Here we are again. Thursday has dawned, and there are some wonderful new opening lines to read.
This week Jan Ellis, friend, fellow RNA member and contemporary fiction author, is with me to share the very beginning of her novel, An Unexpected Affair.
Over to you Jan…
The 500 words I’ve chosen for you come from An Unexpected Affair, which began life as an e-novella back in 2013. When it came out, I was intrigued by the reactions I got from friends: these ranged from jaws dropping in disbelief to barely suppressed hilarity. This is not because I can’t write – I write and edit other stuff for a living – it was more the thought of a cynical old bag like me writing romcom that set them off.
I never intended to write fiction (you can find out more here https://jennykane.co.uk//?s=jan+ell) but once I sat down and thought about the settings and the basic plot, I was amazed by how quickly ideas flowed. As soon as my bookselling heroine Eleanor Mace appeared, the personalities of her mother Connie, sister Jenna and other family and friends followed on quite naturally.
Later I wrote A Summer of Surprise because I wanted to know what had happened to Eleanor and the other characters in the seaside town of Combemouth. The e-books no longer exist, but you can read both stories in one lovely paperback. I hope you enjoy the extract and decide to read on…
First 500 words…
SHE CAREFULLY SLIPPED THE BLADE of the knife under the tape and cut. Peeling back the flaps, she lowered her face to the contents and inhaled deeply. Erika, her assistant, smiled conspiratorially.
“You’ve gone over to the dark side. You’re definitely one of us now.”
“You’re right,” said Eleanor as she lifted the pile of paperbacks from the box, sniffed them and set them on the counter. “My name is Eleanor Mace and I am addicted to books.”
It was three years since Eleanor had bought the bookshop. Three years since she’d left her boring office job and caused her friends’ collective jaws to drop by announcing that she was leaving London and moving to Devon. She might as well have said she’d got a new career as a yak herder for the consternation this had caused. They clearly thought she was deranged, though only her sister Jenna had told her so to her face.
“Just because you’re divorced from Alan doesn’t mean you have to lock yourself away from the world.”
“Jen, I’m moving to the English countryside, not entering a convent.”
“I can see it now,” said Jenna, ignoring her. “In six months’ time you’ll have stopped shaving your legs, embraced tweed and discovered jam-making.”
“Now you’re being silly,” said Eleanor, thinking that it had already been some time since her pins had seen a Gillette disposable. “It’s not the end of the earth, Jen. There’s a train station and you and Keith can come and stay any time you wish.”
“I’d rather come on my own,” said Jenna, wrinkling her nose as she tipped the last of the Chardonnay into Eleanor’s glass. “You finish it. They probably don’t run to white wine where you’re heading. And what on earth will you do down there?”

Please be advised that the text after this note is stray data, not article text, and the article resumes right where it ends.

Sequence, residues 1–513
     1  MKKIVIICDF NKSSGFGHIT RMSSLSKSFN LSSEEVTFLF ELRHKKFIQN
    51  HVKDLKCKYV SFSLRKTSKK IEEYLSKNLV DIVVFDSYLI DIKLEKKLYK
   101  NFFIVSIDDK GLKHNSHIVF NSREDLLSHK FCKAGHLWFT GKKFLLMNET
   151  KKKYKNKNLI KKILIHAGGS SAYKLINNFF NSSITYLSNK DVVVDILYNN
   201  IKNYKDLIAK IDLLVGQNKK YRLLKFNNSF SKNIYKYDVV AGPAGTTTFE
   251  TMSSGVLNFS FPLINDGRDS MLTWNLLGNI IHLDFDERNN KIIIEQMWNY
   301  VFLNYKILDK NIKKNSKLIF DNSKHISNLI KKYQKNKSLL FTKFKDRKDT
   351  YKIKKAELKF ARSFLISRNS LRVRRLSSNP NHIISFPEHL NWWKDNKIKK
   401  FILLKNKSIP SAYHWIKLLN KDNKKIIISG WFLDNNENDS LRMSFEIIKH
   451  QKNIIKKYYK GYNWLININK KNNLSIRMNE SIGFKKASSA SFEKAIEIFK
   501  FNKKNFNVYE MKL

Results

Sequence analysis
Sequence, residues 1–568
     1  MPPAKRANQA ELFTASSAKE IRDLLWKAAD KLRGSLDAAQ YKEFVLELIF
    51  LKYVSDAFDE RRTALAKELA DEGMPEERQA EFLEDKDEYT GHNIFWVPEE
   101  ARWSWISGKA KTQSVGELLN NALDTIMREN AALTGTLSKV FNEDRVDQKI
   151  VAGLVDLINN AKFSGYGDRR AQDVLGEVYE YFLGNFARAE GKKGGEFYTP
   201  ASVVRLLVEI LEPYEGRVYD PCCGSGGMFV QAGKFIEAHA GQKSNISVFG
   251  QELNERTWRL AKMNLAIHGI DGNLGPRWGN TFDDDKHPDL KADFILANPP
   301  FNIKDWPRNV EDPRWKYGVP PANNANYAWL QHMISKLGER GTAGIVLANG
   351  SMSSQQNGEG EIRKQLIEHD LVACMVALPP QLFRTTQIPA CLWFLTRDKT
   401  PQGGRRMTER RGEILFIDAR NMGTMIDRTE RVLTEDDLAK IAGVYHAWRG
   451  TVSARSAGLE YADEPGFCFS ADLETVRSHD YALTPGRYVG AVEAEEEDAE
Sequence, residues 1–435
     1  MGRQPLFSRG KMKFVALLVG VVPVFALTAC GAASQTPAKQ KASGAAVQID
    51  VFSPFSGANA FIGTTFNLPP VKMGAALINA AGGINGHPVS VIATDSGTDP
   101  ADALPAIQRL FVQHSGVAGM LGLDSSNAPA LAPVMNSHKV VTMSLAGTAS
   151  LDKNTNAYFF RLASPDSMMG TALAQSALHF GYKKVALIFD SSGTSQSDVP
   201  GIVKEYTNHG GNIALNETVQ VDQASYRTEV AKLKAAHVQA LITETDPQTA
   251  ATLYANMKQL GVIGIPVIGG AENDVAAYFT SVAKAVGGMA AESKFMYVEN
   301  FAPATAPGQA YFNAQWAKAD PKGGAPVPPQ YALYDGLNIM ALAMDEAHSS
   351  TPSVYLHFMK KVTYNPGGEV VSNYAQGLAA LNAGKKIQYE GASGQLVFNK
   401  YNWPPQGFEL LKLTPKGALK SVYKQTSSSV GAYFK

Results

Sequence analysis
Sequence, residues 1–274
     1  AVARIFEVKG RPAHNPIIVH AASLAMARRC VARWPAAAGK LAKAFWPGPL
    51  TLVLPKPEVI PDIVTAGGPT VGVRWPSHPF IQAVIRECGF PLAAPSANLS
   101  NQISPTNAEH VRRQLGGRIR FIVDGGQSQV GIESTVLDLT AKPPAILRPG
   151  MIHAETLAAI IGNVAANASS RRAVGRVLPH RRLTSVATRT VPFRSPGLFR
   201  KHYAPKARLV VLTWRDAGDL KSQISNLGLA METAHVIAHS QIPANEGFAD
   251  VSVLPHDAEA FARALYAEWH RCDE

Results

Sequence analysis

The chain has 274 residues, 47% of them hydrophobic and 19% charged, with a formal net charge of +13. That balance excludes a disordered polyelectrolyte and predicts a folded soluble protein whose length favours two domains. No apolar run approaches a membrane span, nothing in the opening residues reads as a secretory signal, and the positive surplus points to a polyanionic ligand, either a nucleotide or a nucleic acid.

That had been easy to answer: with the money from her divorce Eleanor could afford to buy a slightly crumbly bookshop with an adjoining cottage in a small, unfashionable seaside town. It had been a huge leap and scary at times, but running the shop made her happy, and her enthusiasm for what she sold and her knowledge about the books and their authors was undoubtedly behind the small success she had managed to build for herself. She’d made sure the shop was a welcoming place with comfy sofas to sit on and coffee and homemade biscuits on offer. With help from her son Joe, she had built a kind of den at the back of the shop where children could read, and there was always an eclectic selection of new and second-hand books to browse through.
“Don’t forget you’ve got that house clearance to go to this afternoon,” said Erika, bearing coffee and biscuits.
“Nope, it’s in the diary,” said Eleanor, eyeing up a chocolate cookie. “Do you think you can control the rampaging hordes for an hour or two while I’m over there?” she asked, looking at her watch.
“Oh, I think we’ll cope, won’t we Bella?” said Erika, addressing the…
Those 500 words were taken from A Summer of Surprises and An Unexpected Affair, available from all good bookshops as well as online via https://goo.gl/cZUFmR
An Unexpected Affair
After her divorce, Eleanor Mace decides to begin a new life running a quirky bookshop in a quiet corner of Devon. She adores her seaside home in Combemouth and her bookshop is a hit and yet … Eleanor is still unsettled. So when she rediscovers an old flame online, she sets off for the South of France in search a man she last saw in her twenties. But will she find happiness on the Continent or does it lie in rural England?
A Summer of Surprises
In this enjoyable and eventful sequel to An Unexpected Affair, Eleanor Mace is finding life sweet and rosy in her Devon bookshop, but unexpected clouds on the horizon in the form of an ex-wife and a town-planning monstrosity are about to bring our charismatic bookseller a summer of surprises.
Jan Ellis began writing fiction by accident in 2013. Until then, she had led a blameless life as a publisher, editor and historian of early modern Spain. In 2017, her four e-novellas were published in paperback by Waverley Books who also commissioned a brand-new title, The Bookshop Detective.
Jan describes her books as romcom/mystery with the emphasis firmly on family, friendship and humour. She specialises in small-town settings, with realistic characters who range in age from young teens to 80-somethings.
As well as being an author, Jan continues to work at the heart of the book trade. Jan Ellis is a nom-de-plume.
Follow Jan on Facebook and Twitter @JanEllis_writer
Jan’s Amazon page: http://goo.gl/yqmAey
Instagram (even if I don’t know how it works…)
Many thanks Jan,
Great opening lines.
Don’t forget to come back next week to read what Roger Price has to offer.